15. Carmichael, H Lorne, 1990. "Efficiency Wage Models of Unemployment--One View," Economic Inquiry, Western Economic Association International, vol. 28(2), pages 269-295, April.
    16. Lang, Kevin & Kahn, Shulamit, 1990. "Efficiency Wage Models of Unemployment: A Second View," Economic Inquiry, Western Economic Association International, vol. 28(2), pages 296-306, April.
    17. George A. Akerlof, 1982. "Labor Contracts as Partial Gift Exchange," The Quarterly Journal of Economics, Oxford University Press, vol. 97(4), pages 543-569.
    18. Peter Cappelli & Keith Chauvin, 1991. "An Interplant Test of the Efficiency Wage Hypothesis," The Quarterly Journal of Economics, Oxford University Press, vol. 106(3), pages 769-787.
    19. Eriksson, Tor, 1999. "Executive Compensation and Tournament Theory: Empirical Tests on Danish Data," Journal of Labor Economics, University of Chicago Press, vol. 17(2), pages 262-280, April.
    20. Shapiro, Carl & Stiglitz, Joseph E, 1984. "Equilibrium Unemployment as a Worker Discipline Device," American Economic Review, American Economic Association, vol. 74(3), pages 433-444, June.
    21. Weiss, Andrew W, 1980. "Job Queues and Layoffs in Labor Markets with Flexible Wages," Journal of Political Economy, University of Chicago Press, vol. 88(3), pages 526-538, June.
    22. BAI, Chong-En & QIAN, Zhenjie, 2010. "The factor income distribution in China: 1978-2007," China Economic Review, Elsevier, vol. 21(4), pages 650-670, December.
    23. Zhang, Jun & Liu, Xiaofeng, 2013. "The evolving pattern of the wage–labor productivity nexus in China: Evidence from manufacturing firm-level data," Economic Systems, Elsevier, vol. 37(3), pages 354-368.
    24. Baglioni, Angelo & Colombo, Luca, 2011. "The effects of imperfect auditing on managerial compensation," International Review of Economics & Finance, Elsevier, vol. 20(4), pages 542-548, October.
    Full references (including those not matched with items on IDEAS)

    More about this item

    Keywords

    relative income share of capital and labor; relative earnings of management and workers; relative wage; firm performance in China;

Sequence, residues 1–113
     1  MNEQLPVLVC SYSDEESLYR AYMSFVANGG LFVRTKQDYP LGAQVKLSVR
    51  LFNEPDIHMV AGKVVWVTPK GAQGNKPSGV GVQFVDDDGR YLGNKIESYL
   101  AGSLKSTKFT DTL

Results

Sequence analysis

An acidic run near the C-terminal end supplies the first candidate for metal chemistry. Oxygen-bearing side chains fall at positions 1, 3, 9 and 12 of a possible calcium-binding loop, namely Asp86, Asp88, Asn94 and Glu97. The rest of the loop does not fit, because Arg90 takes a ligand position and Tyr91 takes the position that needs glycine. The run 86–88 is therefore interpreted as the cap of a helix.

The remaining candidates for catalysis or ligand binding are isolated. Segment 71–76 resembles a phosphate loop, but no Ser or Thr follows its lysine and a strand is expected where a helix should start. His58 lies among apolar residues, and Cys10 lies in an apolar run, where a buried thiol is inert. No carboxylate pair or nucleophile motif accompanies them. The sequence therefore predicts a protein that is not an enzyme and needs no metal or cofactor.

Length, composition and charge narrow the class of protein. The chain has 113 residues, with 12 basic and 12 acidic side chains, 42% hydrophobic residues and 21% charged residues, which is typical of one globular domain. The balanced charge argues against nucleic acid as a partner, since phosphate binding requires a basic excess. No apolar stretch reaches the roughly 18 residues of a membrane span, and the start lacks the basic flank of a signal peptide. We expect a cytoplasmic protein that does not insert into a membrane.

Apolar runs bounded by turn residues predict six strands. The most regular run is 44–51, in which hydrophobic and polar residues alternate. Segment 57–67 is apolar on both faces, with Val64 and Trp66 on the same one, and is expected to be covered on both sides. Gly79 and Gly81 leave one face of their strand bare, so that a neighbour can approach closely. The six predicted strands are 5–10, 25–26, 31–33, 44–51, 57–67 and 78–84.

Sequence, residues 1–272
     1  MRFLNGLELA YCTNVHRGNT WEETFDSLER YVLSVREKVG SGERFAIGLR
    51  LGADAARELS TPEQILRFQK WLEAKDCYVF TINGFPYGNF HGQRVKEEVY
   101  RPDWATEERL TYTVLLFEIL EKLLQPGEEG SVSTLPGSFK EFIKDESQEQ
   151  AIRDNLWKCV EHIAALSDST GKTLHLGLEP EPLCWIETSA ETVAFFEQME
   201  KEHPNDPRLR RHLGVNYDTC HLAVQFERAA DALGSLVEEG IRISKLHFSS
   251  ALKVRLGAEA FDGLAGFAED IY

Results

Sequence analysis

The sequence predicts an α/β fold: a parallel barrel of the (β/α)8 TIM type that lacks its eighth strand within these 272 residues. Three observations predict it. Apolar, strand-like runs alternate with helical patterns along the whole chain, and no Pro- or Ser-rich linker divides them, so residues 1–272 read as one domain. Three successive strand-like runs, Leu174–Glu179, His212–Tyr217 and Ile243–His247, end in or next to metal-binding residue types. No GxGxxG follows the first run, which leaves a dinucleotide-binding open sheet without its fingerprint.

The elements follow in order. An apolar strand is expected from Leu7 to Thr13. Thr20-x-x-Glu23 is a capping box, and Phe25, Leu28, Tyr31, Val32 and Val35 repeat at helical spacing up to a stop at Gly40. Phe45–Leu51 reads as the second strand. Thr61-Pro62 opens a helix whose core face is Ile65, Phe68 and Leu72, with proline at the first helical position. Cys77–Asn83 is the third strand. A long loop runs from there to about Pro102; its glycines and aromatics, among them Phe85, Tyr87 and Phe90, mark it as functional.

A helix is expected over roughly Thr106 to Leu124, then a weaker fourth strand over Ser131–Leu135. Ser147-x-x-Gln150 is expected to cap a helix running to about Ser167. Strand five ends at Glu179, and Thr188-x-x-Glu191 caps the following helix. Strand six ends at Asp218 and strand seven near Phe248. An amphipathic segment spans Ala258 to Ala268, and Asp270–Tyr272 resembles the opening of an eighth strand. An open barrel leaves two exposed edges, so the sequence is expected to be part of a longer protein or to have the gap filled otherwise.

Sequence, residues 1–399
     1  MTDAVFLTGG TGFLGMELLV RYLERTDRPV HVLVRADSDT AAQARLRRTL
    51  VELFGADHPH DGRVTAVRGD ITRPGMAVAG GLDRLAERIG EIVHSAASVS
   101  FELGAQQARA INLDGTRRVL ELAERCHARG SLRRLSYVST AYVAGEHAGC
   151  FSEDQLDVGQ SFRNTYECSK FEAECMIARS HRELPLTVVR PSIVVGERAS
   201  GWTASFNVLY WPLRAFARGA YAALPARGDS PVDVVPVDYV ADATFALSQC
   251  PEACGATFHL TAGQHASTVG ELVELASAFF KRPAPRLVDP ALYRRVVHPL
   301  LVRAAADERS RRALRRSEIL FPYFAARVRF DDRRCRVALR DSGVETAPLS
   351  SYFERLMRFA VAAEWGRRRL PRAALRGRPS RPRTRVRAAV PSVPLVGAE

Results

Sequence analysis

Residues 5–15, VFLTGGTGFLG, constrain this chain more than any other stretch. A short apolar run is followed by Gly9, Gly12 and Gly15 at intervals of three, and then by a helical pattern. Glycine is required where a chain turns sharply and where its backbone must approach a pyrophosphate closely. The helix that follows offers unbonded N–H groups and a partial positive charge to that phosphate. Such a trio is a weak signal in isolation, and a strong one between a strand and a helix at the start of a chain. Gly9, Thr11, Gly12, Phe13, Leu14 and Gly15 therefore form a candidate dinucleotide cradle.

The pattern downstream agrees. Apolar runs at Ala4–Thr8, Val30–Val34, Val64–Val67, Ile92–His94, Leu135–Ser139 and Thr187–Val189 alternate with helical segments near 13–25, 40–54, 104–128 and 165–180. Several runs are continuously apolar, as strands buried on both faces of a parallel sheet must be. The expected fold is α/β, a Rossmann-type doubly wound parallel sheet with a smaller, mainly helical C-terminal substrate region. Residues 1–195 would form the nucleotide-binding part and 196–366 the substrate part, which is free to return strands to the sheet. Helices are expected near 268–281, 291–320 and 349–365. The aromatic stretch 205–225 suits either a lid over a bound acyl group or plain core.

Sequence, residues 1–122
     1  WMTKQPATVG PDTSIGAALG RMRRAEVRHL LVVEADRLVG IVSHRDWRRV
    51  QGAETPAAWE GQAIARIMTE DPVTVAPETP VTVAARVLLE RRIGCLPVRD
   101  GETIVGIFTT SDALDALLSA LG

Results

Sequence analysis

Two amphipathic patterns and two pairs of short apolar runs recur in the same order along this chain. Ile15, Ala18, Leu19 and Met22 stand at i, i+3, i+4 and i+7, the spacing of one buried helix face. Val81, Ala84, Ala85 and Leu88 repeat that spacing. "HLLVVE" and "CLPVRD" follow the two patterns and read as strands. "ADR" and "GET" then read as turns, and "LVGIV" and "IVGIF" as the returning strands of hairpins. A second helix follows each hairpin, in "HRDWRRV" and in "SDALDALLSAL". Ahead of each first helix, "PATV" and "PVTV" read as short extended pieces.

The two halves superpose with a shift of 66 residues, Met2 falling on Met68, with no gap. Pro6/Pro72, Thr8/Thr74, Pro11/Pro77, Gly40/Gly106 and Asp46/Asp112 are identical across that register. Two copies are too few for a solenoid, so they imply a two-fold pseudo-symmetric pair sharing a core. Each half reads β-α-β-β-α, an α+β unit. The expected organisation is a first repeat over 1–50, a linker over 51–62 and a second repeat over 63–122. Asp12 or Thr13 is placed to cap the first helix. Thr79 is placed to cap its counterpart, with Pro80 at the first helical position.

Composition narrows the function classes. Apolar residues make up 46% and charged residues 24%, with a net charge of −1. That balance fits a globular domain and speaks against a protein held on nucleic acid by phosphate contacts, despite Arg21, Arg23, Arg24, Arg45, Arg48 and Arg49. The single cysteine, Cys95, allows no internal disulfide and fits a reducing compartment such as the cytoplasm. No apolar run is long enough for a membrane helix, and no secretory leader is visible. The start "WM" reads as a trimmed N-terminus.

JEL classification:

    • D24 - Microeconomics - - Production and Organizations - - - Production; Cost; Capital; Capital, Total Factor, and Multifactor Productivity; Capacity
    • J31 - Labor and Demographic Economics - - Wages, Compensation, and Labor Costs - - - Wage Level and Structure; Wage Differentials

    NEP fields

    This paper has been announced in the following NEP Reports:

    Statistics

    Access and download statistics

    Corrections

    All material on this site has been provided by the respective publishers and authors. You can help correct errors and omissions. When requesting a correction, please mention this item's handle: RePEc:mos:moswps:2014-51. See general information about how to correct material in RePEc.

    For technical questions regarding this item, or to correct its authors, title, abstract, bibliographic or download information, contact: (Simon Angus). General contact details of provider: http://edirc.repec.org/data/dxmonau.html .

    If you have authored this item and are not yet registered with RePEc, we encourage you to do it here. This allows to link your profile to this item. It also allows you to accept potential citations to this item that we are uncertain about.

    If CitEc recognized a reference but did not link an item in RePEc to it, you can help with this form .

    If you know of missing items citing this one, you can help us creating those links by adding the relevant references in the same way as above, for each refering item. If you are a registered author of this item, you may also want to check the "citations" tab in your RePEc Author Service profile, as there may be some citations waiting for confirmation.

    Please note that corrections may take a couple of weeks to filter through the various RePEc services.

    IDEAS is a RePEc service hosted by the Research Division of the Federal Reserve Bank of St. Louis . RePEc uses bibliographic data supplied by the respective publishers.